FIG. 4 is a schematic diagram of the third embodiment of the system of the present invention with charging of liquid into vessel 4a.
FIG. 1 illustrates a preferred embodiment of the present invention as applied to a passenger vehicle. In the embodiment described in FIG. 1, the gas side is a single vessel while the liquid side is comprised of four liquid vessels 3a, 3b, 4a and 4b, each of which is designed for a narrower pressure range than the pressure range experienced for a single liquid pressure vessel. For example, if the overall pressure range for the system is from 5000 psi to 1000 psi, vessel 3a would be optimized for the pressure range 5000 psi to 4000 psi, vessel 3b for the pressure range 4000 psi to 3000 psi, vessel 4a for 3000 psi to 2000 psi and vessel 4b for 2000 psi to 1000 psi. Two pump/motors 7 and 8 are driven by the liquid vessels, pump/motor 7 being connected to the two higher-pressure liquid vessels 3a and 3b (forming a high-pressure bank) and pump/motor 8 being connected to the lower pressure vessels 4a and 4b (forming a low-pressure bank). The pump/motor 7 driven by the high pressure bank is optimized for high pressure (3000-5000 psi) operation, while the pump/motor 8 driven by the low-pressure bank is optimized for low pressure (1000-3000 psi) operation. The volume of each vessel could be determined by these pressure specifications in conjunction with the compressibility of the charge gas and the volume of the gas vessel. In FIG. 1, the system is depicted in a pressure state between 4000 psi and 5000 psi, since liquid vessel 3a appears active (either discharging or being charged), and all other liquid vessels are fully charged.
When the system shown in FIG. 1 is at its fully charged state, the gas vessel 1 is at its highest pressure PMAX. When power is demanded from the system, pressurized gas from gas vessel 1 is initially conducted through open valve 2a into the gas side of the highest-pressure liquid vessel 3a, while valves 2b, 2b, 2d, 5b, 6a and 6b remain shut. As gas enters liquid vessel 3a, fluid is displaced through open valve 5a, to drive high-pressure pump/motor 7, and into the low-pressure reservoir 9. A valve 10 may optionally be added to allow pump/motor 8 to be isolated from the high pressure range of pump/motor 7 and thus allow further weight savings. By the time all of the working fluid in liquid vessel 3a has been displaced, system pressure has declined from the maximum pressure PMAX to an intermediate pressure P3a, defining the pressure range PRMAX-3a for which the liquid vessel 3a has been optimized. At this point system pressure descends into the next-highest pressure range as liquid vessel 3a becomes part of the gas-side volume, and valve 5ais shut-off. Liquid vessel 3b is then activated by the opening of valves 2b and 5b. Discharge of fluid from liquid vessel 3b proceeds through pump/motor 7 and into reservoir 9 until its working fluid has been exhausted, at which point system pressure has declined from P3a to P3b, which defines pressure range PR3a-3b for which liquid vessel 3b has been optimized. High-pressure pump/motor 7 is optimized for the pressure range from PMAX to P3b.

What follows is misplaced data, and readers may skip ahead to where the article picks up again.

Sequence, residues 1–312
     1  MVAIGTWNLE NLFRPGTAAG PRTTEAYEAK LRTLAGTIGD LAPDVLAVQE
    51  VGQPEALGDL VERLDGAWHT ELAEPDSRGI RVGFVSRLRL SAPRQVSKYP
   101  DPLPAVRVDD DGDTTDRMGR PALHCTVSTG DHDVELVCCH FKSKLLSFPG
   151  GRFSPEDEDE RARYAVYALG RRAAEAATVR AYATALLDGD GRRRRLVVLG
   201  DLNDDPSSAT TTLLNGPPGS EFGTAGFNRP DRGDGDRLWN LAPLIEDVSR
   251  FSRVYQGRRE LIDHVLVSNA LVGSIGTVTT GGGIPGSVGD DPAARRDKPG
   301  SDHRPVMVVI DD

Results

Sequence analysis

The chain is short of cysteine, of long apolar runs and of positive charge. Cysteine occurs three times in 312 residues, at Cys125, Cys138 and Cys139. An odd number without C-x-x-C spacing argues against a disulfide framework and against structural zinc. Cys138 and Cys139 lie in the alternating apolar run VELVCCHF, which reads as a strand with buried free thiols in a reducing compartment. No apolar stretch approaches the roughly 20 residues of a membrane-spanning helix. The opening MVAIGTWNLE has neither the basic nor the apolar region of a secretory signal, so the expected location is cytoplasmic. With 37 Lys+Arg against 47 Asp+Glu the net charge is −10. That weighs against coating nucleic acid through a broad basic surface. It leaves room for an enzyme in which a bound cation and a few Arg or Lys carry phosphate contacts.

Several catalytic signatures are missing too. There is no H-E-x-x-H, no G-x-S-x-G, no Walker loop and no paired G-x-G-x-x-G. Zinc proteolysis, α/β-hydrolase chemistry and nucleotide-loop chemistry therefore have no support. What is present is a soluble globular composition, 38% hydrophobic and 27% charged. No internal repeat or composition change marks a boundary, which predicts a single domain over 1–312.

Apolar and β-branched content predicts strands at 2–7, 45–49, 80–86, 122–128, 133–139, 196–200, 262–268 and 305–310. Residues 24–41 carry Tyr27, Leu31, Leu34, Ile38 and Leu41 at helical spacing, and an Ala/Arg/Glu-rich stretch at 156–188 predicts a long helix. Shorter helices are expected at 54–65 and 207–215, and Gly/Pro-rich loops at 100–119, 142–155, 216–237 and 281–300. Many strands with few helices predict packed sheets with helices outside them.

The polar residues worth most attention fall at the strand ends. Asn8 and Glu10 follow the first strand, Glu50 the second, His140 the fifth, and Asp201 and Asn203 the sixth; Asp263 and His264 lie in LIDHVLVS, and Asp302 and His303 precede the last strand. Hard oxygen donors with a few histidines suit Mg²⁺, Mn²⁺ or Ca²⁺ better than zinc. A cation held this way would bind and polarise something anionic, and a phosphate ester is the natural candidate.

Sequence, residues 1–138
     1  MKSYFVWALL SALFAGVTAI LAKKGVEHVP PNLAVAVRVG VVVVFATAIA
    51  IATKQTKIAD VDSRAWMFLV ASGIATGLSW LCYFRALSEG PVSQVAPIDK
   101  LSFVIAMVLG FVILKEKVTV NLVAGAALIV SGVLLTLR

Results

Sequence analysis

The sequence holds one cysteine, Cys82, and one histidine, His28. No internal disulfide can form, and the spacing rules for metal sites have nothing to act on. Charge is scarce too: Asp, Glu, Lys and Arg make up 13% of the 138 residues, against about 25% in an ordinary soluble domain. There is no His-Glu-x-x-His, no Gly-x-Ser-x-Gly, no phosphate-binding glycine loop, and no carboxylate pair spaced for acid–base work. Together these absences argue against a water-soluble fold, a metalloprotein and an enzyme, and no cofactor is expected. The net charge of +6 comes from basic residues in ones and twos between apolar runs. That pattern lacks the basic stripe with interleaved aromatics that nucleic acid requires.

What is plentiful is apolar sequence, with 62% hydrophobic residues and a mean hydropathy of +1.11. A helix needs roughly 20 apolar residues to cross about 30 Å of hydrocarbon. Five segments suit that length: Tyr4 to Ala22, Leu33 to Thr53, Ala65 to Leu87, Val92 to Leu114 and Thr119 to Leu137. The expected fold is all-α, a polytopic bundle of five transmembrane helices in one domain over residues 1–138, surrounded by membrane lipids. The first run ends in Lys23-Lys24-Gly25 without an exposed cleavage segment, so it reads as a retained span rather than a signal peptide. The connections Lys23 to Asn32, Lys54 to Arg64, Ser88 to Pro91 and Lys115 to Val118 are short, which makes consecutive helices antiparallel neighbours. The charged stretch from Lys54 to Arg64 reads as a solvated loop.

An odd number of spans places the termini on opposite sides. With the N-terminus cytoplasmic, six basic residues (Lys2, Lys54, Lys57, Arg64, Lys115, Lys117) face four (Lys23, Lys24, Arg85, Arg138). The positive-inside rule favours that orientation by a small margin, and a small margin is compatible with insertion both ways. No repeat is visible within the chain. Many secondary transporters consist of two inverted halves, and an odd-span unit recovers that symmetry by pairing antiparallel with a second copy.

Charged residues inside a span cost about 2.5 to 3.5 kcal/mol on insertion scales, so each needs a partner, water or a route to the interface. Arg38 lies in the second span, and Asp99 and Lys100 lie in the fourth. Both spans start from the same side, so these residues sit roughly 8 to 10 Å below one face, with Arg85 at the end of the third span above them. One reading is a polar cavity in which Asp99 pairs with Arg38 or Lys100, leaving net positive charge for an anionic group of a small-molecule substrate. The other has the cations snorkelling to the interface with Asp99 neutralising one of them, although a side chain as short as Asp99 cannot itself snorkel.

As pressure declines below P3b, liquid vessels 4a and 4b come into play in the same straightforward sequential manner as 3a and 3b described above, as the system pressure declines through pressure ranges PR3b-4a and PR4a-4b. However, high-pressure pump/motor 7 is no longer optimal at these lower pressures and so liquid vessel 4a and 4b are instead connected to low-pressure pump/motor 8, which is optimized for the pressure ranges PR3b-4a and PR4a-4b. When liquid vessel 4a has fully discharged its working fluid, system pressure has declined from P3b to P4a, defining the pressure range PR3b-4a. When liquid vessel 4b has discharged its working fluid, system pressure has declined from P4a to P4b, the lowest working pressure of the system. P4a and P4b define the lowest working pressure range PR4a-4b. At P4b the system is fully discharged.
Regenerative braking may become available at any time in this process. When this occurs, power is no longer demanded of the system and the active pump/motor becomes free to operate as a pump. Supposing that regenerative braking becomes available at the lowest system pressure P4b, then the low pressure pump/motor 8 is the active pump/motor. The active pump/motor 8 is switched to operate as a pump, pumping fluid from the low-pressure reservoir 9 through valve 6b into liquid vessel 4b, while valves 6a, 5b, and 5a remain shut. The fluid entering vessel 4b displaces gas through open valve 2d into gas vessel 1 (and into the gas-containing liquid vessels 4a, 3b and 3a), causing system pressure to rise from P4b to P4a. As system pressure approaches P4a, liquid vessel 4b becomes full and liquid vessel 4a comes into play. Valves 2d and 6b are closed, valve 6a is opened, and fluid begins flowing to liquid vessel 4a as system pressure rises from P4a toward P3b. As P3b is approached, liquid vessel 4a becomes full, valves 2c and 6a are closed, and valve 5b, is opened. Now the pressure is high enough to involve high-pressure pump/motor 7, which is set to pump mode replacing pump/motor 8. As long as regenerative braking is available, pressurization may continue in the same straightforward manner until the last liquid vessel 3a has been filled and system pressure has reached PMAX.